Love analyses the various sources (19 Manuscript, 1 printed) for the poem in painstaking detail. He splits the sources up into five separate groupings, noting that "The variations permit a simple division into groups defined by characteristic line orders...All the sources have now been assigned to groups, whose integrity will be found to be fully confirmed by the verbal variants" (180-1). Love's point overall is that Rochester's poem went through several profound changes whilst being circulated, and that few of these were authorial. The variants, be they syntactical, metrical, or formal, are thus important for manifold reasons important to the sociology of the text rather than the status and "intention" of the poet. The approach is incredibly detailed; what is stimulating and interesting about the essay is the critical use that Love makes of the evidence he musters at such length. His marriage of rigorous textual technique to an inquiring critical faculty makes the piece less dry than the rest of the essays in the volume, and far more useful: manuscript studies as applied science rather than esoteric archival work. Love also adds refreshing caveats to his lengthy methodological descriptions ("These conventions will be found simpler to follow in practice than they probably are in this explanation" ).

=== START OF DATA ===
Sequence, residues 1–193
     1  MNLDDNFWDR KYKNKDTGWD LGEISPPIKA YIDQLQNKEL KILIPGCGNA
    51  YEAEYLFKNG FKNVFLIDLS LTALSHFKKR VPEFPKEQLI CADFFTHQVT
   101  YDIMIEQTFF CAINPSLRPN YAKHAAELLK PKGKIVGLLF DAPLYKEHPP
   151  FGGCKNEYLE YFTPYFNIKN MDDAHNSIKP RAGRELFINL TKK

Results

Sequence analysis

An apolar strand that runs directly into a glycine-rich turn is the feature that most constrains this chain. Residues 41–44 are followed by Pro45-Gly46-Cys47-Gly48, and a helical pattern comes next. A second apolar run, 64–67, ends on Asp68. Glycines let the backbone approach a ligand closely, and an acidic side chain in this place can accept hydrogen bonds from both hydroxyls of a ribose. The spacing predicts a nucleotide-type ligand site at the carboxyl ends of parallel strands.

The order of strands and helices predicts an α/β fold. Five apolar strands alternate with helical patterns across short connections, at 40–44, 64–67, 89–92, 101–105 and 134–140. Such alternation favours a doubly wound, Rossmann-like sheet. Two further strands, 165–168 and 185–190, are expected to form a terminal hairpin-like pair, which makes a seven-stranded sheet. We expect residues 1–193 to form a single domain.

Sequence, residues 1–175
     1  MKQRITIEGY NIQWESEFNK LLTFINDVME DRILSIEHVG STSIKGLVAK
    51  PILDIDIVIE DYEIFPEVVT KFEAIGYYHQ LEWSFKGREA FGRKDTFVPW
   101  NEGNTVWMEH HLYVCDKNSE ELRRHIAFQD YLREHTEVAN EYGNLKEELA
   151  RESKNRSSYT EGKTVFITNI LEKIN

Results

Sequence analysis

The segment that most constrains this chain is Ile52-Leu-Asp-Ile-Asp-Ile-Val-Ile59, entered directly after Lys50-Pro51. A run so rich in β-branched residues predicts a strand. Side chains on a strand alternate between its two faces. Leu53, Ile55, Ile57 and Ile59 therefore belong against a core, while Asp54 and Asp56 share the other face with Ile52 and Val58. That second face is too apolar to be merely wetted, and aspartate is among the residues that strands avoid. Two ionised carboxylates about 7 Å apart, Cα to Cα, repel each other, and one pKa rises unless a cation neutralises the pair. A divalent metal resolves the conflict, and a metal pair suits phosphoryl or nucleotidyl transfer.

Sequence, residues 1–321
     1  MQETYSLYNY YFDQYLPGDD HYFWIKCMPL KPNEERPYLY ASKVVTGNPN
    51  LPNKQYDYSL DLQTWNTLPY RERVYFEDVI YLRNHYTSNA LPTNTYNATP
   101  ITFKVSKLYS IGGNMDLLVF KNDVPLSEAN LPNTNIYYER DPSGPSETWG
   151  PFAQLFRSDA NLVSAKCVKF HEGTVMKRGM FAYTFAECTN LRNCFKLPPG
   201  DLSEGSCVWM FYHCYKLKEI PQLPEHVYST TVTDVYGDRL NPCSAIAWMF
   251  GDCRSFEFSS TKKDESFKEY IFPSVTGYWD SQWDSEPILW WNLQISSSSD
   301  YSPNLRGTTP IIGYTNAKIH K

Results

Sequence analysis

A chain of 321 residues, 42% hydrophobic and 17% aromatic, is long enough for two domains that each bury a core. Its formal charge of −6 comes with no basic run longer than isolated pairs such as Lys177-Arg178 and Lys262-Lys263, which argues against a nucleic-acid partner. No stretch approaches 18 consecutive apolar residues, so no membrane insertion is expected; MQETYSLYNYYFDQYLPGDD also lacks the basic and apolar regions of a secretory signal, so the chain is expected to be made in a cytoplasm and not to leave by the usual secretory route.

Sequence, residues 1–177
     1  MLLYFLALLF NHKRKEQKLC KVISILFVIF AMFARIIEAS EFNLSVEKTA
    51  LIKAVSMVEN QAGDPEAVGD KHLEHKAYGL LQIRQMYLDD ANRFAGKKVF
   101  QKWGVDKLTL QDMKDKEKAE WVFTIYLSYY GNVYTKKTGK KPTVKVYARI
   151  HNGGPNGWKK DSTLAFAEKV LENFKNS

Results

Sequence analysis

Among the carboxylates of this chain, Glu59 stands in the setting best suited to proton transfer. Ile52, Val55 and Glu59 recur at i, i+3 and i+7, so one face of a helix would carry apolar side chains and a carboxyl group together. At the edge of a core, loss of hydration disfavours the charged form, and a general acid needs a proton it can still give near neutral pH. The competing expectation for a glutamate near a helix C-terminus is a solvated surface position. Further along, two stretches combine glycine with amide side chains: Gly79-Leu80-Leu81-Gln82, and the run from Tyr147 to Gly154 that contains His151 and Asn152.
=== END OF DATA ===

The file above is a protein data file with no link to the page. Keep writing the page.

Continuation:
- Love discusses distinct modes of circulation, tracing the several phases of a text's life. In one of the most useful passages he considers the different stages of the text's circulation; the text takes on different significance in the light of each stage. Beginning as a court satire, part of a factional battle within Whitehall (certain rewritings indeed reflect different allegiances), when the text then came to be included in the professionally written anthologies its political aspects took on a more national importance. Love shows that the variations are due to shifts in the meaning and significance of the text as cultural artifact: obscure references are lost, the poem slimmed down and made terser for satirical purposes: "These phasal tendencies, grounded in the needs of different readerships, would have been felt as an influence on unconnected acts of copying, leading possibly to interventions of a similar kind with different - or the same - verbal results" (205-6). Thence comes the movement toward textual stasis, the limbo-like state of a text that no longer engages with the political moment. With the Rochester poem this begins in the 1690s with inclusion in "retrospective collections of texts put together to form a kind of informal political and social history of the two reigns" , and is completed with the first printed version in 1697.